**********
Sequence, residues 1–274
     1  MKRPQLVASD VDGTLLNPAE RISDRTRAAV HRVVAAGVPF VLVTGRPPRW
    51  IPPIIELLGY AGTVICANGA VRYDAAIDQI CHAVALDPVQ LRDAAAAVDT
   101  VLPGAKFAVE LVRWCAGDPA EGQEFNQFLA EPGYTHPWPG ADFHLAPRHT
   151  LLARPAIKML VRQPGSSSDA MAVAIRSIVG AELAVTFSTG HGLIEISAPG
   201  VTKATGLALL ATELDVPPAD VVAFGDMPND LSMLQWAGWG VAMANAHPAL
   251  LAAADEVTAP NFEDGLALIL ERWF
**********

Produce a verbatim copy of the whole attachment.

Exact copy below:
Sequence, residues 1–274
     1  MKRPQLVASD VDGTLLNPAE RISDRTRAAV HRVVAAGVPF VLVTGRPPRW
    51  IPPIIELLGY AGTVICANGA VRYDAAIDQI CHAVALDPVQ LRDAAAAVDT
   101  VLPGAKFAVE LVRWCAGDPA EGQEFNQFLA EPGYTHPWPG ADFHLAPRHT
   151  LLARPAIKML VRQPGSSSDA MAVAIRSIVG AELAVTFSTG HGLIEISAPG
   201  VTKATGLALL ATELDVPPAD VVAFGDMPND LSMLQWAGWG VAMANAHPAL
   251  LAAADEVTAP NFEDGLALIL ERWF